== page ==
366. Twentieth-Century American Wars as Social and Personal Experience. (4). (HU).
History 366 will examine – via talks, books, films and discussion sections - -America's wars of the past 90 years, with emphasis on those that have engaged this society since 1940. The stress will fall on individual perceptions of war's purposes and meanings as they are revealed in autobiography and fiction and on the patterns of personal experience in combat as they alter from war to war. In larger historical perspective, the following themes will receive attention: American society's patterns of response to situations of conflict; methods of mobilizing the nation for war; the experience of the homefront; American images of ally and enemy; and the role of technology in altering the nature of war. There will be little discussion of tactics or the technical processes of war-making. Students are asked to select one of the lecture sections, and to register as well for one of the discussion sections scheduled to meet an additional hour each week. There are no history-course prerequisites for History 366. (Linderman)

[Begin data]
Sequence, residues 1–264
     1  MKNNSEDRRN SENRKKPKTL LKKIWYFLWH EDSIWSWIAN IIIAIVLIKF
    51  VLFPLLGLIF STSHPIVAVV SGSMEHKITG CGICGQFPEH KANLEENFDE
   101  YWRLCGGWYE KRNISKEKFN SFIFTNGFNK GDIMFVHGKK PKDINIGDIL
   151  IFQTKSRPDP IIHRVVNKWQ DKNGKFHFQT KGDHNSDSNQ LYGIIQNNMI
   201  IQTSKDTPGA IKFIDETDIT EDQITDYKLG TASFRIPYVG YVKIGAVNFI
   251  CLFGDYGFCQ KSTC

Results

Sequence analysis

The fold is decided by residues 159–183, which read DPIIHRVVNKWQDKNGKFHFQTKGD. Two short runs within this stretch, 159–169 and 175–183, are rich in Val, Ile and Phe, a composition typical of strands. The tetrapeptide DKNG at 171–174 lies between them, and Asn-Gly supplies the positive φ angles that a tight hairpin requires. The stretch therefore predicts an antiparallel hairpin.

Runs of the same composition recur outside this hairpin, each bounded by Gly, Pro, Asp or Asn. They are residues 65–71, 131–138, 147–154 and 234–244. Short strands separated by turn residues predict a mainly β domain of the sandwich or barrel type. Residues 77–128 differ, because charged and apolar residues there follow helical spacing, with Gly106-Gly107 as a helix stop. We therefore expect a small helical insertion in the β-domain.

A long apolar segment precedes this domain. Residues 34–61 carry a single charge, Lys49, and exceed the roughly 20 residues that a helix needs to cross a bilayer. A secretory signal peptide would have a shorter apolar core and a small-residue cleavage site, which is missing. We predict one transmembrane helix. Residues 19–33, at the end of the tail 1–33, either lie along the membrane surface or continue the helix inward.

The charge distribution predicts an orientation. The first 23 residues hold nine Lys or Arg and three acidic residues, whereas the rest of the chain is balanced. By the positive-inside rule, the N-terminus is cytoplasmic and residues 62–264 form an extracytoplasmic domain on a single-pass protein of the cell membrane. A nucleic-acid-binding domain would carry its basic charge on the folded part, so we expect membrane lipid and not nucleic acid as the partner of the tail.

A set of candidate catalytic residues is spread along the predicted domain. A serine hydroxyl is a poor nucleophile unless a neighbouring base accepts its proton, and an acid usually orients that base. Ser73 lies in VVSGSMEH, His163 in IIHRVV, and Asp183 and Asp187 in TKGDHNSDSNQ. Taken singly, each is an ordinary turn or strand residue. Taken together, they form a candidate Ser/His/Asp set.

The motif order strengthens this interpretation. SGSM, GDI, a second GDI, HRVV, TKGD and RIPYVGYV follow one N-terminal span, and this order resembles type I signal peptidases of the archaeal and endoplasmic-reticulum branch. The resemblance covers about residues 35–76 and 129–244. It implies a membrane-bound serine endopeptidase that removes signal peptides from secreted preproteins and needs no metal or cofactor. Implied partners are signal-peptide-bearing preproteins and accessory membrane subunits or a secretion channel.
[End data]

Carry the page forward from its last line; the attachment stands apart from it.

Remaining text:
383. Modern Jewish History to 1880. (4). (SS).